Who I’ll be Kissing this New Year’s…

New Year’s was never a big deal when I was married. Maybe a casual get together at a friend’s house, or a night out for dinner and home well before midnight if a babysitter was available. But somehow post divorce, it’s become ‘a thing’. Another determining factor of singledom is not having anyone special to ring in the new year with. Suddenly, the days leading up to it are anxiety producing. You become obsessed with the dating apps in hopes of meeting someone and you’re doing the math … “ok if I match with this guy today and then we go out tomorrow and get in a couple more dates before New Years then I’ll have myself a date!”

But as December 31st looms closer, you realize this isn’t going to happen, and a sense of ‘woe is me’ befalls. “Of course I would be alone tonight”; “Naturally the only people to hang with are Ben and Jerry.”;“The only thing touching my lips tonight is blistex and a toddler.”. Then the mindshift begins and you say, “No.. I am not letting my lack of romantic involvement define me – I am a strong, independent woman and I am above that!”

The truth of it all falls somewhere between the self-victimization and the Beyonce soliloquy. Neither are true in isolation but together they paint the portrait of the soul’s desire for acceptance and love – a person’s desire to fit in to society’s norms and dictates. I can outline all the clichés we’ve all heard before: Alone doesn’t mean lonely; love yourself so others can love you – blah, blah, blah, eyeroll, eyeroll, eyeroll. But like the dichotomy of self-pity and independence, this too is a dichotomous relationship – the work towards self love and acceptance on one hand and on the other hand, the yearning for true, eternal and external love.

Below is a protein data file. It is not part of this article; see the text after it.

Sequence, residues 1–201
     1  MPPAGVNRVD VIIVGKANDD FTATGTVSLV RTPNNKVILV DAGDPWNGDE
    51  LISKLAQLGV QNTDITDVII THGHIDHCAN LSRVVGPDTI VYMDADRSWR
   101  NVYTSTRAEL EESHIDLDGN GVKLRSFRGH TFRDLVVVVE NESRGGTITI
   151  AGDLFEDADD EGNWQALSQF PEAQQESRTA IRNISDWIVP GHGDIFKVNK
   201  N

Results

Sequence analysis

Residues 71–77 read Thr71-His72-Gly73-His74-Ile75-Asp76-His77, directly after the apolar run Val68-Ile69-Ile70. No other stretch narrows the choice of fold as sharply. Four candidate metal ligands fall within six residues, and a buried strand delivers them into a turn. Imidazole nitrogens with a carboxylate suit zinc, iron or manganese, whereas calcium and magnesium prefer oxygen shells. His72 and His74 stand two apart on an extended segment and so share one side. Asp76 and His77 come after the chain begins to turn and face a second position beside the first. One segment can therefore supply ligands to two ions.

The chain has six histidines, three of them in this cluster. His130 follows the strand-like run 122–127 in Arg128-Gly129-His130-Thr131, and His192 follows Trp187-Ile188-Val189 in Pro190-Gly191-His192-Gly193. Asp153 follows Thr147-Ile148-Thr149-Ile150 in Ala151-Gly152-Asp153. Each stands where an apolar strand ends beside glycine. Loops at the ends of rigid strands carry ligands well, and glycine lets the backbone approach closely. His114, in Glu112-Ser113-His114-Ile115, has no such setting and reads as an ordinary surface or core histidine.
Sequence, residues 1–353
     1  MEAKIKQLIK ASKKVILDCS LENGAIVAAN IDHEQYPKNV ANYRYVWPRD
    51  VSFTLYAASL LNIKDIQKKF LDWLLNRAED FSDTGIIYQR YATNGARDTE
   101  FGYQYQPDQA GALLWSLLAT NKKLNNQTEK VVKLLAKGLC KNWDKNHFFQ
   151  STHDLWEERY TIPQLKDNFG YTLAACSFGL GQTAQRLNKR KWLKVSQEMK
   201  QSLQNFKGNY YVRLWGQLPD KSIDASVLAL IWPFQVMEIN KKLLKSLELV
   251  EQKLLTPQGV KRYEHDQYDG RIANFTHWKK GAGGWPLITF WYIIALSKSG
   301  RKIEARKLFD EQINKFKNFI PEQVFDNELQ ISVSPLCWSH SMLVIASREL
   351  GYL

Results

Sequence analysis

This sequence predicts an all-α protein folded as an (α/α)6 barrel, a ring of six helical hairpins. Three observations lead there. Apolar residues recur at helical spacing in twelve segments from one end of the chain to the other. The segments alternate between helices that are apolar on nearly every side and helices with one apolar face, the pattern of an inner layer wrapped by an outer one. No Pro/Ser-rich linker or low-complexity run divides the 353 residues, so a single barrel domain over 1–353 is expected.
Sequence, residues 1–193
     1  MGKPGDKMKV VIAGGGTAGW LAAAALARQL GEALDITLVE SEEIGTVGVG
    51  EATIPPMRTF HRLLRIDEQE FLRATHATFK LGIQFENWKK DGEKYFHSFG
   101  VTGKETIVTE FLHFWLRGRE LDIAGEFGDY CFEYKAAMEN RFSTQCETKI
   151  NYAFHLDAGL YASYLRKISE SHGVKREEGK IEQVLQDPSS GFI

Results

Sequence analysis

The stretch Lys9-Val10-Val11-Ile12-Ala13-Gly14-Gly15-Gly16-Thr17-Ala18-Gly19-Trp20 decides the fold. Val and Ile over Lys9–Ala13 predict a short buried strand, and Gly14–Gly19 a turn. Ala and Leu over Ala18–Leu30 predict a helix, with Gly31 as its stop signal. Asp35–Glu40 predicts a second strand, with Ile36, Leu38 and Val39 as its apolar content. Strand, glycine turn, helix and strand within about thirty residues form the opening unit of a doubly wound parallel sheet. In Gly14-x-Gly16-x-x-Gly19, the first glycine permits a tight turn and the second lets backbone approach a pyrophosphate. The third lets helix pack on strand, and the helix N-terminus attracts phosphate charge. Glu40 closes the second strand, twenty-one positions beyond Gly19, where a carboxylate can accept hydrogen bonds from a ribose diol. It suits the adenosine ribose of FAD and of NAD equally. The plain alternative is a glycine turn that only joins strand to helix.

In Mark Manson’s The Subtle Art of Not Giving a F***’, he outlines his theory called Manson’s Law of Avoidance.  He says the more something threatens your identity, the more you will avoid it. Manson outlines the comforts of knowing how you fit into the world and how anything that threatens that view, even for the better, is inherently feared. Post divorce, the idea of being alone and falling into the comforts and contentment of single life, defies the self-produced image to be capable and deserving of love. It is frightening and feared because it threatens the image of us as part of a healthy, loving couple. It forces you to find your place alone in a couple obsessed world and forces you to un-know yourself as part of a couple.

Manson outlines the Buddhist view on ‘you,’ which argues it is a mental, societal construct that only boxes us in to what we think we are, rather than what we can be. We think we are meant to be part of a couple becuase to not be is to undeserving of love but what can we be if we let go of that idea? We can be whomever we choose to be; we can single forever because that’s our choice, we can be part of a couple knowing we are worthy of love because we have given it to ourselves and that is also our choice.

I know, what you’re all thinking…. “damn, this woman is smart,”  and I would like to agree with you but then I would also have to agree that knowing myself as ‘smart’ limits me and boxes me in to constantly needing to learn more and to having experiences that may threaten my persona of smart. (See what I just did there??)

Bottom line…..you’re alone New Years and it kinda sucks but maybe instead of thinking, “If I had someone I’d be happy and ‘found’” maybe consider being ok with being a little ‘lost’ and unknown. Maybe it’s not about finding ourselves and that special someone but maybe it’s about unknowing ourselves and who we think we need to be and should be. At least when you’re lost, your search is never over – you keep going and pushing. The fear in being found is complacency. As Benjamin E Mays says in response to a quick Google search for ‘complacency quotes,’ “The tragedy of life is often not in our failure, but rather in our complacency; not in our doing too much, but rather in our doing too little; not in our living above our ability, but rather in our living below our capacities.

I know this much, I may not be kissing anyone this New Year’s but at least I know I’m not kissing the wrong person just for the sake of kissing anyone at all. And for today, for the me who is a little lost and a little found, that’s ok.



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